I enjoy taking long walks. It has become my personal method of decompressing from the stress of daily activities. During my walks, I would often walk past this older gentleman and wave to him as I go by. He would nod his head at me as a gesture of acknowledgment. My friend often joined me on my walks, but this particular day my friend was not available. In my normal routine of waving to this older gentleman and keeping to my pace, he joined me on4 my walk. I was surprised when this happened because we didn’t know each other. Our conversation began with him asking me what are we doing out here in this heat? I laughed and responded, “We are trying to stay healthy”. He did most of the talking and I mainly listened commenting occasionally. There were no formal introductions or exchange of names at the time. The old gentleman is from South Carolina and is 83 years old. He told me stories from his childhood and reminisce of the good old days, as he put it. Then things turned personal as he began to speak of his wife. His wife had two strokes with the second one leaving her totally incapacitated, intravenously fed and is living in a long term care facility. He and his daughter visit daily and assist with the bathing and feeding.
Prior to his wife having a stroke, he tried to convince her to eat healthily and exercise, but she would not listen. The longevity of his wife's condition has causedfeelings of discouragement to the point that it was difficult for him to control his emotions. He fears that his wife's passing is at the door. I said sir, "I know you love your wife and that you tried to be a good husband, but you can’t carry the burden for choices people willfully make for themselves. I have been where you are with my 81-year-old mother. She refuses to go for annual check- ups because she no longer trusts doctors. My sister and I have tried to force her to go and she would get angry with us. We tried often to get her to change her mind, but she adamantly refuses to go. I recall feeling much like you stressed out and burden over the situation. I needed God to give me peace regarding my mother’s decision". Immediately the old gentleman said, “This is what I need, PEACE”. He said, “Sometimes I’m out here walking two times a day because I can’t handle seeing my wife in her current condition. I keep going to the doctor for chest pains, but they never find anything". I said sir, ”Peace came when I released my mother in Gods capable hands and this is what you must do. I had a talk with my mother about Jesus and I know she is a Christian. When the Lord calls her home, I know she will be forever in His presence. You must have this same conversation with your wife. As you have lovingly provided for her physical needs, you must also care for her soul. Ask your wife if she has surrendered her heart to Jesus?” The old gentleman responded, “I want to be honest with you. I am not a perfect man. I said sir, start with yourself. You have a talk with Jesus and surrender your heart to Him. Then go see your wife, tell her what you did and pray with her. His whole countenance changed and I heard the joy in his voice. He said, “I am going to do this!’. As our walk concluded, we exchanged names and went our separate ways. I am sure I will be seeing my friend again soon.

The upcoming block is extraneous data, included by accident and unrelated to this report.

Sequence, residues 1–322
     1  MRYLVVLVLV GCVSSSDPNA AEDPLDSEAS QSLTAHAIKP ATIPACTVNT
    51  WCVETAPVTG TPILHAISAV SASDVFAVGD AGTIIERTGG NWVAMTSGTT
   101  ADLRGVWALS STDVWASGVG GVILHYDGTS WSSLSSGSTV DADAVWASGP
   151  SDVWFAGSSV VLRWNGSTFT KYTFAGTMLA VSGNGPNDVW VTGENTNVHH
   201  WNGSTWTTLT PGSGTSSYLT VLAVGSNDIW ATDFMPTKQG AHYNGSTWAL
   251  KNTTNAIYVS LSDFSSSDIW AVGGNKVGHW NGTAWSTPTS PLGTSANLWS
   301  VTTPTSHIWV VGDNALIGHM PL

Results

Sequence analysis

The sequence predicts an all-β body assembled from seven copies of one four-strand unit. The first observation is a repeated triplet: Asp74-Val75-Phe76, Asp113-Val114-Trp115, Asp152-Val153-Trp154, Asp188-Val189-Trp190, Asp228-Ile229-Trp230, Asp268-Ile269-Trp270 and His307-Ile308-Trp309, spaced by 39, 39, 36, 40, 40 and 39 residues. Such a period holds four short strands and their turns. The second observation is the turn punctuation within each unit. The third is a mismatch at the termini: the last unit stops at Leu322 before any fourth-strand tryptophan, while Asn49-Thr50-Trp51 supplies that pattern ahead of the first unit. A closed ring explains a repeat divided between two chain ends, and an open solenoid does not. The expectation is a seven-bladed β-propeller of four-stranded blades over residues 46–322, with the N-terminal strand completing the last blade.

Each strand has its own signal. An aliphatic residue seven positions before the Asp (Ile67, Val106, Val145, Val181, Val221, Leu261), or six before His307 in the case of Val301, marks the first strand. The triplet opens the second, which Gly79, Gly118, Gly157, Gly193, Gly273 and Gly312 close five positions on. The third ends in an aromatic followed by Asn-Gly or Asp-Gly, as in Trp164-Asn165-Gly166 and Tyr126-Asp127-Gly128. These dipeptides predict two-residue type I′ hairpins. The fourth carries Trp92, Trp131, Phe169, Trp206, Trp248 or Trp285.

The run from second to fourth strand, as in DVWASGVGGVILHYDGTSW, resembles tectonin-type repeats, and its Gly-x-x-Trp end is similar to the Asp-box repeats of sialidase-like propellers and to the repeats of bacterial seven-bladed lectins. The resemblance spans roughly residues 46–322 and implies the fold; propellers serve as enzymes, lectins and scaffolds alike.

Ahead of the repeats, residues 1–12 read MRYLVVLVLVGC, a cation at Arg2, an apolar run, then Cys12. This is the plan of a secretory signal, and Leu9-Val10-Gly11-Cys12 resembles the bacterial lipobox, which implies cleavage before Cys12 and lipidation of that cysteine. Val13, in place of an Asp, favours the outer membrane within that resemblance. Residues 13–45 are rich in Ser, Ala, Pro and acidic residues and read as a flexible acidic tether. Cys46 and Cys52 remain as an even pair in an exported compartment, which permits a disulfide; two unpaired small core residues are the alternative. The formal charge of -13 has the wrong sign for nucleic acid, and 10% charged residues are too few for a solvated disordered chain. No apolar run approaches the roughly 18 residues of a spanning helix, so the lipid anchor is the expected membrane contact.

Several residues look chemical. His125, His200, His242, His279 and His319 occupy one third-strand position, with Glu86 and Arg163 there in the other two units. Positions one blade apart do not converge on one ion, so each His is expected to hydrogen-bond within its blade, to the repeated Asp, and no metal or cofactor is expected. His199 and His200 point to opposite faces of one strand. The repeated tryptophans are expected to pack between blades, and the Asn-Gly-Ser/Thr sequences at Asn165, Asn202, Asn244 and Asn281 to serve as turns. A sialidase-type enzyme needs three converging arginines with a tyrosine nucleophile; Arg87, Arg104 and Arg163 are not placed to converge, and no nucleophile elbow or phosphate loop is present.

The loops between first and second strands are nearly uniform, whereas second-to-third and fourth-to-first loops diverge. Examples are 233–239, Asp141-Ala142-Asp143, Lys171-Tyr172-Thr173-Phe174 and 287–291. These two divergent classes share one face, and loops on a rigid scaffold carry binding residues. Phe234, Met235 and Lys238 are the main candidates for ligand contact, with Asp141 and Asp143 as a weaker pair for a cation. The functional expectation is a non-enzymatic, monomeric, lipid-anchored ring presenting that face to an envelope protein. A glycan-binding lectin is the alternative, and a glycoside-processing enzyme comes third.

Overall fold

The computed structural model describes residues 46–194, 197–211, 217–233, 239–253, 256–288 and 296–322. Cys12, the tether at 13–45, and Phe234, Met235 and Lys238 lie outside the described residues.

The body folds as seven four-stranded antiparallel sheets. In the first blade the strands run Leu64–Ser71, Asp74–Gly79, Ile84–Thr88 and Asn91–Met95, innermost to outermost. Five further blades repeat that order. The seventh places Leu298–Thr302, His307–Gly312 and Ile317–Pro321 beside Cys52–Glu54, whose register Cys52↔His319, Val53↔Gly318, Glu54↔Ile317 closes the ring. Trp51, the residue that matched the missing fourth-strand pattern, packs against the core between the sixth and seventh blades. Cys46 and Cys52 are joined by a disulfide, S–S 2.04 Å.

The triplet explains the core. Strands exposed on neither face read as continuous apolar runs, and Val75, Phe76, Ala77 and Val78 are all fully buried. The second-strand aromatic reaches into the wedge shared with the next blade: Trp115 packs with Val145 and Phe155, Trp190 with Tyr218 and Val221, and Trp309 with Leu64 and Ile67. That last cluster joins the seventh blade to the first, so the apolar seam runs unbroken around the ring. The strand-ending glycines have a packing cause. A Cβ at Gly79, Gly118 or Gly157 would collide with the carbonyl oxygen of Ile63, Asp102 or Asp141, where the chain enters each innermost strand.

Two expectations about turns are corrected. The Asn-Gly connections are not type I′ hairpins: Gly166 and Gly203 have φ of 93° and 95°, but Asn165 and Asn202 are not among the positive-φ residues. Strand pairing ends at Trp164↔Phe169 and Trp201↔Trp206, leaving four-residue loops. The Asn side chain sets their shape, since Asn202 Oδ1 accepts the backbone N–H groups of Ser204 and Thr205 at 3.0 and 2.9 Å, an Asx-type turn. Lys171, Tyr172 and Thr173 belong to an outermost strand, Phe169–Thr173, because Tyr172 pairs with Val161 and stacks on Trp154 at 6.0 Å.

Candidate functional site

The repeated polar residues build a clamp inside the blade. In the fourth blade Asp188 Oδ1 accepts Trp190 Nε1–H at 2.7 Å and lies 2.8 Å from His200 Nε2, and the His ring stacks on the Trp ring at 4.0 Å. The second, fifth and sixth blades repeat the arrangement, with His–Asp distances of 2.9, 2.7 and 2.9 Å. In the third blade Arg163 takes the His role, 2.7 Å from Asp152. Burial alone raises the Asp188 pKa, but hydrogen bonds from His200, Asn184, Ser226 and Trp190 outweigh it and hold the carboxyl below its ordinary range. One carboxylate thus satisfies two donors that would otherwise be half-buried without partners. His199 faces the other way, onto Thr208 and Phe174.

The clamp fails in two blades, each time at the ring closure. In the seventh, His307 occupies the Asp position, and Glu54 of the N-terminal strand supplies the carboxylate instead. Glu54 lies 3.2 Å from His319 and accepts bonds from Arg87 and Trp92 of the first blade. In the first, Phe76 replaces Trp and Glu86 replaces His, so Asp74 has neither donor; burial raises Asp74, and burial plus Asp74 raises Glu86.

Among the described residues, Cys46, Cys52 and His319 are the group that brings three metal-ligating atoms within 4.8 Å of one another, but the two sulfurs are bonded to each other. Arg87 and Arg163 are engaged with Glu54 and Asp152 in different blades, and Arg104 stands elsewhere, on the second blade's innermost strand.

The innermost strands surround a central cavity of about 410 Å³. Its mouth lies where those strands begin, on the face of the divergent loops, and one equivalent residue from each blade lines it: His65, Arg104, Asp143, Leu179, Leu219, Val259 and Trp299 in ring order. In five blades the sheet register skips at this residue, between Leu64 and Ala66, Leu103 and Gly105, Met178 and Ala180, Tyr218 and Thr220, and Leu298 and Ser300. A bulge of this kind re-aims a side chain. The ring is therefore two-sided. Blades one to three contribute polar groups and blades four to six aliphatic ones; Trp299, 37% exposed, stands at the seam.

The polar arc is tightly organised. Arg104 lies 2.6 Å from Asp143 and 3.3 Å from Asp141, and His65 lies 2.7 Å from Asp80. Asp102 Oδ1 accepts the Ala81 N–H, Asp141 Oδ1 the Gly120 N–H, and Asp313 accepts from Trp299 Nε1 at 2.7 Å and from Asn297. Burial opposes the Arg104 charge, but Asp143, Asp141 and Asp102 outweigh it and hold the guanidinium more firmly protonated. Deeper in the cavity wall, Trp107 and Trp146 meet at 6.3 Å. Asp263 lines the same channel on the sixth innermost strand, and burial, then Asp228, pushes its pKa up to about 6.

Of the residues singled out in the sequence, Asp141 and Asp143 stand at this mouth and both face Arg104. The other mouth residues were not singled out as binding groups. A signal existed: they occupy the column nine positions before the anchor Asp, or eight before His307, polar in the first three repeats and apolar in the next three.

Over the past few weeks, my Pastor has been speaking of the Women at the Well in John chapter four, and it has been very enlightening. Jesus, on purpose, waited for this woman to come to the well. She was considered an outcast in her village by many, because of choices she made in her life. But Jesus, out of His love and compassion, made time to come to her and spoke words that changed the course of her life. This is the mantle we carry today as followers of Christ. At times we must lay aside our own agenda, culture and comfort zone, or in my case, slow down my pace to listen to a broken hearted old man. We are called to stop at the well.